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Home : 12 Angry Men : Study Guide : Quotes and Analysis
12 Angry Men Quotes
by Reginald Rose
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Quotes and Analysis
1. JUDGE'S VOICE: ...and that concludes the court's explanation of the legal aspects of this case. And now, gentlemen of the jury, I come to my final instruction to you. Murder in the first degree - premeditated homicide - is the most serious charge tried in ...view middle of the document...
It is also to be considered the way that Rose chooses to introduce this monologue. There is not a prequel scene where the men are addressed by the Judge, nor are the men on stage when the Judge's offstage monologue is said. Rather, it is to an empty stage, giving the effect that the monologue is not as much for the Jurors as it is for the audience themselves. It introduces a secondary dialogue in the play, in which the audience plays juror for the accused and for the Jurors on stage.
2. 12TH JUROR: (to 8th Juror) What d'you think of the case? It had a lot of interest for me. No dead spots - know what I mean? I'll tell you we were lucky to get a murder case. I figured us for a burglary or an assault or something. Those can be the dullest.
This quote perfectly shows everything that Reginald Rose thinks is wrong with the American public and the justice system. Here we have someone who is about to make a decision that will either save a boy's life or kill him, and he's happy that it's a murder case, where a man died, because it's exciting for him. It shows a complete lack of concern, which concern 8th Juror will slowly come to impress upon the other jurors. It makes the whole event sound more like a Roman circus than an American court of law.
3. 8TH JUROR: ...Look, this boy's been kicked around all his life. You know - living in a slum, his mother dead since he was nine. He spent a year and a half in an orphanage while his father served a jail term for forgery. That's not a very good head start. He had a pretty terrible sixteen years. I think maybe we owe him a few words. That's all.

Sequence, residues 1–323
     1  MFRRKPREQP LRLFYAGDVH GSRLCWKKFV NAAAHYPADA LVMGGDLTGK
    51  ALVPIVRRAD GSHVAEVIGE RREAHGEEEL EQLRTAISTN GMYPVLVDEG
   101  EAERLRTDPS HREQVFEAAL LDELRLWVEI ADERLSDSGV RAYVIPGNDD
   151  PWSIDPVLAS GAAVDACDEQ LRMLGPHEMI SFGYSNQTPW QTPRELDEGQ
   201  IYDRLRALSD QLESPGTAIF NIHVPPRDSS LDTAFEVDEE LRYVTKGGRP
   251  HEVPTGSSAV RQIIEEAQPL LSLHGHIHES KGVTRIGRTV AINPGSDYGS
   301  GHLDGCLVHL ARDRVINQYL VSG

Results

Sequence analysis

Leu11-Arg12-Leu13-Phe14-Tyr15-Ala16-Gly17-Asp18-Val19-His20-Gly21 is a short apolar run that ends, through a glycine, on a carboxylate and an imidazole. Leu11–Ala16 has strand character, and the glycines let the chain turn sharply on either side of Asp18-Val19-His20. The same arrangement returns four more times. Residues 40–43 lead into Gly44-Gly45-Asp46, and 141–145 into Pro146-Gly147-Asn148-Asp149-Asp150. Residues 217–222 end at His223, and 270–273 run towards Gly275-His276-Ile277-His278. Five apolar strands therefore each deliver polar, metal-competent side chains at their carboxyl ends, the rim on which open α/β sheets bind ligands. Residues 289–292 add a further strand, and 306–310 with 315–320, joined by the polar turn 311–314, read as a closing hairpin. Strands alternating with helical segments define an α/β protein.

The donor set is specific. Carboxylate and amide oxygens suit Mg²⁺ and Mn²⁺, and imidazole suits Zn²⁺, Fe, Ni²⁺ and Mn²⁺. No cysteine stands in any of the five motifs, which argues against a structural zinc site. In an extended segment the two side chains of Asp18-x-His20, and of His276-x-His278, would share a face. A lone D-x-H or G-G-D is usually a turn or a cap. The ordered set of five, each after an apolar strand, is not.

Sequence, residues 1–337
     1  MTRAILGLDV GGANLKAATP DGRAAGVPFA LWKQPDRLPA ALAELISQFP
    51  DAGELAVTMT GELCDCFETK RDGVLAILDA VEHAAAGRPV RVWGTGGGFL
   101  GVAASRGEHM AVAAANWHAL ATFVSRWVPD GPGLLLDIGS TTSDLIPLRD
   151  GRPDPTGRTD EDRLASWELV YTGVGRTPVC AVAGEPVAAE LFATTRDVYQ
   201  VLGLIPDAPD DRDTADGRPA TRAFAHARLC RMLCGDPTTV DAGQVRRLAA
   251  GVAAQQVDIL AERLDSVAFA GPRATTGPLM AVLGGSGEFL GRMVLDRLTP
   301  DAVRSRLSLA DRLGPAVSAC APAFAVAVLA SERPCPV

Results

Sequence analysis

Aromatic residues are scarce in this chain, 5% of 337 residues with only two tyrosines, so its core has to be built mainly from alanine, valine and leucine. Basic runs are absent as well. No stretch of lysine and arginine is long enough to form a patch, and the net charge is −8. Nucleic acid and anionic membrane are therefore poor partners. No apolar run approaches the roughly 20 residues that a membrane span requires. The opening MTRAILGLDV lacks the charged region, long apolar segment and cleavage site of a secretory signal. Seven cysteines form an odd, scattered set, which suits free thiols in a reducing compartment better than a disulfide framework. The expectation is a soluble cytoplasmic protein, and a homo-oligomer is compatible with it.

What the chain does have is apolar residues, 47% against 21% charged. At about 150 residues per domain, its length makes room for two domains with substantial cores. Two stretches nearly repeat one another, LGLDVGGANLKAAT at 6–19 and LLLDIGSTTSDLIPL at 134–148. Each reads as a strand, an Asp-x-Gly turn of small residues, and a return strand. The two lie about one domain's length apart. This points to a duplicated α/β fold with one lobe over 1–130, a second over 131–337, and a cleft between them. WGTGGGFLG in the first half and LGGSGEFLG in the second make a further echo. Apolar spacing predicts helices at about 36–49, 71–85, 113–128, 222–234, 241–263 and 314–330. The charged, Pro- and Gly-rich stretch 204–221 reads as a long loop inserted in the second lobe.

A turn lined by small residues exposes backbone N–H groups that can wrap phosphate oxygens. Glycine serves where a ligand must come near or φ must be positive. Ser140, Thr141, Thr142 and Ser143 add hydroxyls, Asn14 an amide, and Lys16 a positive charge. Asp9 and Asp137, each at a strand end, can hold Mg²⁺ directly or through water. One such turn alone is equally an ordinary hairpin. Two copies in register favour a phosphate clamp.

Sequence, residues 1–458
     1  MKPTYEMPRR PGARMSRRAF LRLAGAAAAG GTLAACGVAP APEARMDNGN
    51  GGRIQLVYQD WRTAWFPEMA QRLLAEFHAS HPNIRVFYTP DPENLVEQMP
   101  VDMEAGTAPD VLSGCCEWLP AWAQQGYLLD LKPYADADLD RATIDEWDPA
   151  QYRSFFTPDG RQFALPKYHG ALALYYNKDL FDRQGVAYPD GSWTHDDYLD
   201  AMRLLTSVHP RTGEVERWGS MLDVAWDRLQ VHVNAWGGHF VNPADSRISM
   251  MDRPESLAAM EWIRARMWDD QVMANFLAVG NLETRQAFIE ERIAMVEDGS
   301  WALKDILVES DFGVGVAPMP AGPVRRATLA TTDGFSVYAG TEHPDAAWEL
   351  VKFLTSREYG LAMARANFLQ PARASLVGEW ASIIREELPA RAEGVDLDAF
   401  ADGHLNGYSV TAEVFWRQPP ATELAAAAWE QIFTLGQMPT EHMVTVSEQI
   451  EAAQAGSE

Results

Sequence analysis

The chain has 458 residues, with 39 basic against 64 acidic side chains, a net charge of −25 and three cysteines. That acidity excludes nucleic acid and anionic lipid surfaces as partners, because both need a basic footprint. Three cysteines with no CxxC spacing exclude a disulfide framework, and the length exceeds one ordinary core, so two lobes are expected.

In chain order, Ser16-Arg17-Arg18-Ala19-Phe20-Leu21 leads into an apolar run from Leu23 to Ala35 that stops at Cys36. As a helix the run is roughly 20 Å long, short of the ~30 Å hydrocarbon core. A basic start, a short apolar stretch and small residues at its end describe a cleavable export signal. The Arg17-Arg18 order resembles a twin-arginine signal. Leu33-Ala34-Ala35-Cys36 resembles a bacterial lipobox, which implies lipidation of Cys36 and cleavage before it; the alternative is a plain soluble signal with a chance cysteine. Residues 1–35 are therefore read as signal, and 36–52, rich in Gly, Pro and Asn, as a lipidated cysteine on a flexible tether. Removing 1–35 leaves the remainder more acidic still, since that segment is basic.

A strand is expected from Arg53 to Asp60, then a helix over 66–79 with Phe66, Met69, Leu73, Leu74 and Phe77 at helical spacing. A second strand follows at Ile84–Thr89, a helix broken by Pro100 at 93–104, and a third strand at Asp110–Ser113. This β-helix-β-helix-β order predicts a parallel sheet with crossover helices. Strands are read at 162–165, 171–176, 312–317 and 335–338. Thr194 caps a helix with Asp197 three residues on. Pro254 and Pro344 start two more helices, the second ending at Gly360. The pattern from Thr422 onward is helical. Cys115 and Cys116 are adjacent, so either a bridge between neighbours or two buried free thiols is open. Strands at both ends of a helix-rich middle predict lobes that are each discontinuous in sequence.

In contrast to the previous monologue, this displays why 8th Juror is repeatedly characterized as the passionate, responsible model of an American citizen. He is not unreasonably confident that the boy is innocent. He admits that he is not sure, but he feels that it is the boy's right that they at least give him a fair shot. He recognizes that this boy has had hard times, and he sticks up for him. Rose represents this moment as one good American standing up for the weaker man.
4. 3RD JUROR: Yeah, well I've got (a kid). He's twenty. We did everything for that boy, and what happened? When he was nine he ran away from a fight. I saw him. I was so ashamed I almost threw up. So I told him right out. "I'm gonna make a man outa your or I'm gonna bust you in half trying." Well, I made a man outa him all right. When he was sixteen we had a battle. He hit me in the face. He's big, y'know. I haven't seen him in two years. Rotten kid. You work your heart out...[He breaks off. He has said more than he intended. He is embarrassed.] All right. Let's get on with it.
Here, Rose gives us a glimpse into the irrationalities and prejudices that can play into any given member of a jury. Here, 3rd Juror reveals that he has a troubled relationship with his son, which resulted in his being in a...